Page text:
A couple miles north of there on RT 28 is probably the least pleasant I have been to. I won’t name them, and haven’t been there in a couple years now, but it was where a couple of chain-smoking old guys presided over a limited selection of guns in a dusty, cramped store that had more cheap surplus type clothing and trinkets than quality gear. Whole store smelled like an ashtray.

      • I know what place you are talking about, Dominion Arms. Being a poor college student in the late-aught’s I would frequent that store. Apart from the ignorant comment of the AK and Vz-58 using the same mags they were a good store to deal with. Always told me the history of the items there but then again I was in to the surplus gear he had. They even offered to accept mags that I bought online since I lived on campus at the time and the only address I could use was my parent’s home in MD.

        Last time I was there they moved up the road to a new location.

    • Uh-oh. I don’t always pass that test. Although I’m not sure a friendly LGS would automatically qualify – they make money off sales and want happy customers.

    • Can you tell the difference between “can’t do anything for them” and “can’t do anything for themselves?”

      I’m accused of lacking this trait regularly, but it’s not true. I bend over backwards to help people that won’t be giving me a penny. But those who refuse to think for 2 seconds, can’t wipe their own ass to save their lives, completely damned useless people… I learned a long time ago that you can’t help people who refuse to help themselves.

      This false accusation usually comes from the useless idiots. I can’t fix stupid, and I’ve got other, useful things to do with my time. Such as; help someone who’s making an effort.

      I’ve allowed the use of my shop and tools to people building 80% ARs. Even bought tools for them when they couldn’t afford it. I’ve never built a single 80% AR for myself. I’m such an asshole.

  1. I’m 0 for 2 in El Paso. Ripped off on a Glock discount at the local distributor, half finished sight installation at another. LGS’s could do themselves a favor every now and then.

    • I frequented Academy and Big 5 when I was in El Paso. I wanted ammo for my mosin and one of the local gun stores Bliss wanted 20 bucks for a box of 7.62x54R. Totally ridiculous! This was back in 2006-2007. I have a ton of choices in my new location. They have some guns at excellent prices and other not so much. I’ve bought a few from the LGS when they had deals much better than the internet. I got a used SCAR 16s for a song and a dance compared to a new one.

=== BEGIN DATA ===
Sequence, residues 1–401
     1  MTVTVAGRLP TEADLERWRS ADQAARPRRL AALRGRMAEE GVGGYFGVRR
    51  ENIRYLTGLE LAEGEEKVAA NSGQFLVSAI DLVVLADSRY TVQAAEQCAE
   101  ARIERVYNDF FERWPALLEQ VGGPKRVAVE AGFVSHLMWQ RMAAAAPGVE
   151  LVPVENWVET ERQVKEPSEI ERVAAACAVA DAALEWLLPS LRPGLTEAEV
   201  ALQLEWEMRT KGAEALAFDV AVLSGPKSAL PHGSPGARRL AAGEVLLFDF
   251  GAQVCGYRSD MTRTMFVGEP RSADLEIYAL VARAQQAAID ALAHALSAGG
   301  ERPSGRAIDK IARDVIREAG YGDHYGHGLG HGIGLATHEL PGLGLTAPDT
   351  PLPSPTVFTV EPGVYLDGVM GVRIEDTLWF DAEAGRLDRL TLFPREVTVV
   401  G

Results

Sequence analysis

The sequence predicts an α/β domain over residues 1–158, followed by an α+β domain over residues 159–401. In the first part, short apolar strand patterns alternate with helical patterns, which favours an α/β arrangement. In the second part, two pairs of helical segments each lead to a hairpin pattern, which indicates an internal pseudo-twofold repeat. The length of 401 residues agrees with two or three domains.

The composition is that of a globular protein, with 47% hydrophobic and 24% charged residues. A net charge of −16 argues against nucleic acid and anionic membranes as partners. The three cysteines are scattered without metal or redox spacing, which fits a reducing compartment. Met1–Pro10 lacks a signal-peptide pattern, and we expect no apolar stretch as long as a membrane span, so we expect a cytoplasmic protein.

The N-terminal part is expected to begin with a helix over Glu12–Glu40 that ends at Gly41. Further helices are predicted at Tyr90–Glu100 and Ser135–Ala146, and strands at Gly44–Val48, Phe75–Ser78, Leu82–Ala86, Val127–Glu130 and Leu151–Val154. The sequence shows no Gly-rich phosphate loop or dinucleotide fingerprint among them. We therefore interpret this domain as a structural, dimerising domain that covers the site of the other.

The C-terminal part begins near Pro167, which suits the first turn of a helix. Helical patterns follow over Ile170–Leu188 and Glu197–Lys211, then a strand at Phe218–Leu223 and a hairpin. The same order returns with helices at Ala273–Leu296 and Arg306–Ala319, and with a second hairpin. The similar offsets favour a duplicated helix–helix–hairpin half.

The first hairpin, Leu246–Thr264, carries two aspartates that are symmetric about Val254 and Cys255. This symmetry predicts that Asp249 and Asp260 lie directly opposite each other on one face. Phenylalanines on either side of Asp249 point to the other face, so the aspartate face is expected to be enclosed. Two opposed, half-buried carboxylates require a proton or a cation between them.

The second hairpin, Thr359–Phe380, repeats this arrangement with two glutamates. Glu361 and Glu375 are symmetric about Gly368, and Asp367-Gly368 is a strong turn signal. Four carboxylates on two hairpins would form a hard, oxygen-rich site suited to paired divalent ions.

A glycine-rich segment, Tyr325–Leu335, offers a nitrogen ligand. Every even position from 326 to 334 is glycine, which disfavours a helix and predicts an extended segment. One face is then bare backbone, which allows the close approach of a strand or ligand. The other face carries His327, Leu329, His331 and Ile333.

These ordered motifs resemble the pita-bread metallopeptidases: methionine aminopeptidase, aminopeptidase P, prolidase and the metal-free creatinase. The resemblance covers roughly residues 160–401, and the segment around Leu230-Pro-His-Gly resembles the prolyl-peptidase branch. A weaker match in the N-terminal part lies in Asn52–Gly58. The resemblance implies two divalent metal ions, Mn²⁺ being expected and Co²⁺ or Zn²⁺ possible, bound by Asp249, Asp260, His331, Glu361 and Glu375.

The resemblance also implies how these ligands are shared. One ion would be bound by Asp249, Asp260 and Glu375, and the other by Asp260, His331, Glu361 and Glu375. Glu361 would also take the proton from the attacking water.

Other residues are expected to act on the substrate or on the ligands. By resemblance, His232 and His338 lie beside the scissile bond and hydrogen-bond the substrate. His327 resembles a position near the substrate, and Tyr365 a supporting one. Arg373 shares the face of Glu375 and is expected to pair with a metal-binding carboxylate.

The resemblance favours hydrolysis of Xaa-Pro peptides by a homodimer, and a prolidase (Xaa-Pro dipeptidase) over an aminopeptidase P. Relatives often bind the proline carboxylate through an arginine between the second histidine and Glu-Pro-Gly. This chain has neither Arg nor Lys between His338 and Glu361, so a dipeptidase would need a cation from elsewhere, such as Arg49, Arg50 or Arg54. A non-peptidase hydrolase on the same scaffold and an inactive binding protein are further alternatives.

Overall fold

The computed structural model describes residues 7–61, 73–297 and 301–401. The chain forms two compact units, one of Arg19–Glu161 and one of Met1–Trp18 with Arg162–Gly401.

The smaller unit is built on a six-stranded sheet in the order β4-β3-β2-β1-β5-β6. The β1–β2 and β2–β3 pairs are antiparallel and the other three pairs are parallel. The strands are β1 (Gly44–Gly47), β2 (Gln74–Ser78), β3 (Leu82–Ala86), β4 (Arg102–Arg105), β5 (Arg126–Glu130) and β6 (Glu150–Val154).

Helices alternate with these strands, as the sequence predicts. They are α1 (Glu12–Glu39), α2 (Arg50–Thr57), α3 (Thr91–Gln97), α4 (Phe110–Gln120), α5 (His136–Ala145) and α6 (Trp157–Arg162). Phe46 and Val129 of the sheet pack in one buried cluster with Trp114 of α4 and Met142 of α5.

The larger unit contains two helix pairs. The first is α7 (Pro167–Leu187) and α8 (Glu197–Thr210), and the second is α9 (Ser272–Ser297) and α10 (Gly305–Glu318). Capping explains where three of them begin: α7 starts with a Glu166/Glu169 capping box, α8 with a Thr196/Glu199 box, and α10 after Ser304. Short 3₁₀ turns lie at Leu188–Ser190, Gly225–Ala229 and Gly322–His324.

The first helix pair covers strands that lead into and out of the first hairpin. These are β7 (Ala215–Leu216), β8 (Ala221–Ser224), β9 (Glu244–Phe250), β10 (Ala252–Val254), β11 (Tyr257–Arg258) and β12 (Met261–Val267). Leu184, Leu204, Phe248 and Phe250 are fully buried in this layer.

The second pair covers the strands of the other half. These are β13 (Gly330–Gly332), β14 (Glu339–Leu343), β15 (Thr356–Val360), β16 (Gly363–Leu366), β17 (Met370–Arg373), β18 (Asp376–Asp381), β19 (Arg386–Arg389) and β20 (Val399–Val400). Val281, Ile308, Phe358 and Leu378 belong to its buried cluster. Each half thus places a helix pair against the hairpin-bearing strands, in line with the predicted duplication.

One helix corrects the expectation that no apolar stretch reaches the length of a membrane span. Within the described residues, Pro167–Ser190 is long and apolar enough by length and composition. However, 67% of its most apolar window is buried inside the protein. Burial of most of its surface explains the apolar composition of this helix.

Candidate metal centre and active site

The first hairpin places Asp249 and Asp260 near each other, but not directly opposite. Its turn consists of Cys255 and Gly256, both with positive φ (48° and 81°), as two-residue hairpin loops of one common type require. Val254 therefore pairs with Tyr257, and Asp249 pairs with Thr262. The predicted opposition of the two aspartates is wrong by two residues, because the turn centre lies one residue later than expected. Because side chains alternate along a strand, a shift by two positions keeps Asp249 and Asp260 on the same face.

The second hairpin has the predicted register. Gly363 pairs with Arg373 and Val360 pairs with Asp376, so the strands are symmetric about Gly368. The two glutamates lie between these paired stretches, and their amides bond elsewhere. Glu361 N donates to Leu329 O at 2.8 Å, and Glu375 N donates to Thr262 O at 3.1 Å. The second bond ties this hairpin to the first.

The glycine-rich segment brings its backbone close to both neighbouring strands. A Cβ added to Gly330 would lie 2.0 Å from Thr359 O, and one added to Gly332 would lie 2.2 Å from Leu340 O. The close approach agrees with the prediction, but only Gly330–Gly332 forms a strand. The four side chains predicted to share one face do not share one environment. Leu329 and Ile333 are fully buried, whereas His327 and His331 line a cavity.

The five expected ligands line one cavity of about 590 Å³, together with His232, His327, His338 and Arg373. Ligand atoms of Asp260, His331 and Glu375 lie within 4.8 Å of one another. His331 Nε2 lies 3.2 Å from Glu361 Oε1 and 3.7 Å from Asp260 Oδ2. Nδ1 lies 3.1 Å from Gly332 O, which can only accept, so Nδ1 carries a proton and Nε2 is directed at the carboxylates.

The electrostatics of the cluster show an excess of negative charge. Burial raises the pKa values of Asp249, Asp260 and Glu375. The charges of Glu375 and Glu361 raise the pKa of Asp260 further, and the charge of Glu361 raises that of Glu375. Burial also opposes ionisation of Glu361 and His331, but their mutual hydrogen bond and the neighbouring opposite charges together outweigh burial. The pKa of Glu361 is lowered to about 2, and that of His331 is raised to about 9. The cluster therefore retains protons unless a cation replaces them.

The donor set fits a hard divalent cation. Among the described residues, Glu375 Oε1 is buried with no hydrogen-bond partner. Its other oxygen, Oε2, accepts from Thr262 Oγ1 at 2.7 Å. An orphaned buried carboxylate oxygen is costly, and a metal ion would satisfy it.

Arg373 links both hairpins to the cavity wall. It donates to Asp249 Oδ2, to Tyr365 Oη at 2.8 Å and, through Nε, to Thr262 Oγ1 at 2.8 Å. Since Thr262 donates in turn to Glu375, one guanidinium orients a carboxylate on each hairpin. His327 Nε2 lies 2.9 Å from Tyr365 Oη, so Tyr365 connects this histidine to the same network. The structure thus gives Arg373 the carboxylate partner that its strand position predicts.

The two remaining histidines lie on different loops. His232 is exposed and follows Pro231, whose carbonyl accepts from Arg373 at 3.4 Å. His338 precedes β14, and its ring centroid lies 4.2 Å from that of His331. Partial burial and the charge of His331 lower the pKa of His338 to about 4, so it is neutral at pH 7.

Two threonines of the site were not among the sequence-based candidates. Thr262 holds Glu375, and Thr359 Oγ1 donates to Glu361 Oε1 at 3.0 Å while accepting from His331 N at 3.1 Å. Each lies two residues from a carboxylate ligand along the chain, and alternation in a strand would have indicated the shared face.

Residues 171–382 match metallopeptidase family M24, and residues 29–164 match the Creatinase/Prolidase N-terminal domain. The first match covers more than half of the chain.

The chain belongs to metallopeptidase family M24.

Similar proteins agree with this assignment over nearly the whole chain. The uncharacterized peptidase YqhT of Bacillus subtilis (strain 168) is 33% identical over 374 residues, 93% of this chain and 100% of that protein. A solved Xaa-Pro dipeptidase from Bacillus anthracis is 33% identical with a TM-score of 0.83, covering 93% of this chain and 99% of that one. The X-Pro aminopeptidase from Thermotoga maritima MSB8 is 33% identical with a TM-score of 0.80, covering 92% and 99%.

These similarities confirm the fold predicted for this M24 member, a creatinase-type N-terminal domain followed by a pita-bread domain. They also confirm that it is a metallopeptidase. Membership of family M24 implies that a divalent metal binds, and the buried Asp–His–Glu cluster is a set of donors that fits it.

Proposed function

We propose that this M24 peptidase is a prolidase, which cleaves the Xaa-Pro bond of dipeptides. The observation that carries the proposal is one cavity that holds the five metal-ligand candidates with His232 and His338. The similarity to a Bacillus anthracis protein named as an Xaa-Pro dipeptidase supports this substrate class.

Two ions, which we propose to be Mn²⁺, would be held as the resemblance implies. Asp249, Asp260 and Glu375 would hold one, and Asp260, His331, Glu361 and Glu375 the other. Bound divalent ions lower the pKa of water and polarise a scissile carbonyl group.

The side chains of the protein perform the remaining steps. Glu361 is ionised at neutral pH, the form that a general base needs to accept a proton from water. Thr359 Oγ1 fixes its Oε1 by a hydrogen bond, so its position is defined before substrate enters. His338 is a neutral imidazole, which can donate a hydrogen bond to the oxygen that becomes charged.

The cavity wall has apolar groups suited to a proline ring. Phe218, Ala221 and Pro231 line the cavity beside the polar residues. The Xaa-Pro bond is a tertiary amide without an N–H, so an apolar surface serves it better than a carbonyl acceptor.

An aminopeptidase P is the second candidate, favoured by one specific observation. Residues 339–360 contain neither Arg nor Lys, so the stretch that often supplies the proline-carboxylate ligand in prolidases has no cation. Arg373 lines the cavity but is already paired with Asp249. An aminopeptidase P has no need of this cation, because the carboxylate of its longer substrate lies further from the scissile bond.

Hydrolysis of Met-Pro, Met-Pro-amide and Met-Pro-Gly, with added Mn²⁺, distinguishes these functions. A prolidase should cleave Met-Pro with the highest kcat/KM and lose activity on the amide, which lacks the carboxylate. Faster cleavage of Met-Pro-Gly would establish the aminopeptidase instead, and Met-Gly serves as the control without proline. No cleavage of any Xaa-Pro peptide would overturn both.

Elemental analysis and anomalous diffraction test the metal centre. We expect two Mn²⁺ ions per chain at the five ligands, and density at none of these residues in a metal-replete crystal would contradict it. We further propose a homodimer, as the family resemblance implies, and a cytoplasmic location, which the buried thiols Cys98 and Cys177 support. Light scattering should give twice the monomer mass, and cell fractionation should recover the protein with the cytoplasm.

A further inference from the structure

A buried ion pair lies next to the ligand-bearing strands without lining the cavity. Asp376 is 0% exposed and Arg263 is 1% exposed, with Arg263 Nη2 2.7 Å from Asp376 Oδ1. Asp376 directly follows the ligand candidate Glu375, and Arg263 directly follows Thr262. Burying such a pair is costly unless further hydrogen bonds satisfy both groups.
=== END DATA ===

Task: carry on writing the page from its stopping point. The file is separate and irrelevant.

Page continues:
• Thanks. Academy always has ammo even if Wallyworld is out. Have yet to find a good place for repairs. A “gun smith” I paid to install sights left the rear, half way into the slot. And everybody says he’s the best! Stay happy, healthy and on target.

        • had the same experience with having a sight installed on a Browning Gold Hunter by “the best gunsmith in st. charles county, mo.” then changed the quoted price, then installed the wrong sight.
          lost my best 1911 mechanic when Ken Hallack died, and best smith revolver man when jimmy van quetren passed.

        • I never needed a smith when I was in El Paso. I did get a lot of work done on my cars. Luckily I had a few friends who knew people who were actually really good. Racing in El Paso is awesome, although that altitude and heat kills your times. Nothing like drag racing in December when most of the country is snowed in or rained out.

  2. Well, I don’t think this is a problem with LGS’s, but a more general problem with people doing jobs where they must sell without being able to deal with people.
    There are thousands of reasons for this “inability”, but mostly, I guess, it’s lack of proper education mixed with an even bigger lack of intelligence.
    No way to change that, other than never going back to such places. Sooner or later they’d have to change their ways or close down.

    • Yup. There are PLENTY of business owners and employees that are rude and prickly. This problem is not unique to gun shops.

      • Very true.